OSLO (Reuters) – Norwegian-born billionaire John Fredriksen has set up a company to snap up oil rigs from firms struggling with low crude prices, adopting a similar approach to the one he used in 2012 when the tanker market collapsed.
In an interview with business daily Dagens Naeringsliv, the man with an estimated fortune of 100 billion crowns (£7.6 billion), said he was putting some of his money into the venture called Sandbox, but might seek outside investors in due course.
“We have decided to establish a new company which will buy jackups and floating rigs when others have to throw in their cards,” Fredriksen told the newspaper. “The Sandbox plan is to build a portfolio of newer drilling vessels, which are about to be completed at shipyards.”
The shipping tycoon, nicknamed “Big Wolf” or “Big John”, controls companies in offshore drilling, shipping of oil and dry bulk and salmon farming after making a fortune from tankers during the commodities price boom at the start of the century.
Rates for offshore rigs have more than halved since crude oil prices slumped from last year’s peak to below $40 (£26.8) a barrel, and about 40 of the 350 rigs worldwide have been taken out of the market by oil companies to save costs.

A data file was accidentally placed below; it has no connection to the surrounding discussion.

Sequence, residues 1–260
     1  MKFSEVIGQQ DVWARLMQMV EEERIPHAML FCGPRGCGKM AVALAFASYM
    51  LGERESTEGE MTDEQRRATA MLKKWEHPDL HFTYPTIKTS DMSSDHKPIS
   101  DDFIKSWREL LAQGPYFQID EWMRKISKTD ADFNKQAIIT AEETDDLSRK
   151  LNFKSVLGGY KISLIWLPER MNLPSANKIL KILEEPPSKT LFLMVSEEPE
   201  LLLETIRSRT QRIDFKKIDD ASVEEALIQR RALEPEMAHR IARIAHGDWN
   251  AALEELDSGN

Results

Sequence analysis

“We are looking at everything to do with distressed rig assets now. It will certainly take some time before the market comes back, but it is in bad times that it is possible to make reasonable investments,” Fredriksen told the newspaper, explaining the plan for Sandbox.
Fredriksen’s business empire already has a rig company called Seadrill <SDLR.OL>. Once the most valuable of its kind, its shares have lost 88 percent since their peak in September 2013 and are now valued at $1.9 billion making it the world’s second largest offshore driller behind Transocean <RIGN.VX>.
Fredriksen has bought up some of Seadrill’s debt and its Chief Executive Officer Per Wullf told the newspaper in the same interview that the company would of course survive.
The billionaire adopted a similar model when the oil tanker market collapsed in 2012. He set up a company called Frontline 2012 which bought assets from his struggling Frontline <FRO.OL>. The two firms are now merging following a recovery in the tanker market.
According to the newspaper, Fredriksen’s holdings in Seadrill, Frontline, Golden Ocean <GOGL.O> <GOGLT.OL>, Marine Harvest <MHG.OL> and Norwegian Property <NPRO.OL> account for about a third of his estimated fortune.
Fredriksen said he has bought up about 20 dry bulk vessels privately with rates at an all time low. The ships are run commercially by Golden Ocean, which is struggling with the worst downturn in the dry bulk shipping market.
In tankers, Fredriksen also said he would buy very large crude tankers (VLCCs) of 300,000 dead weight tonnes if the price was below $90 million.
($1 = 8.7709 Norwegian crowns)
(Reporting by Ole Petter Skonnord; editing by David Clarke)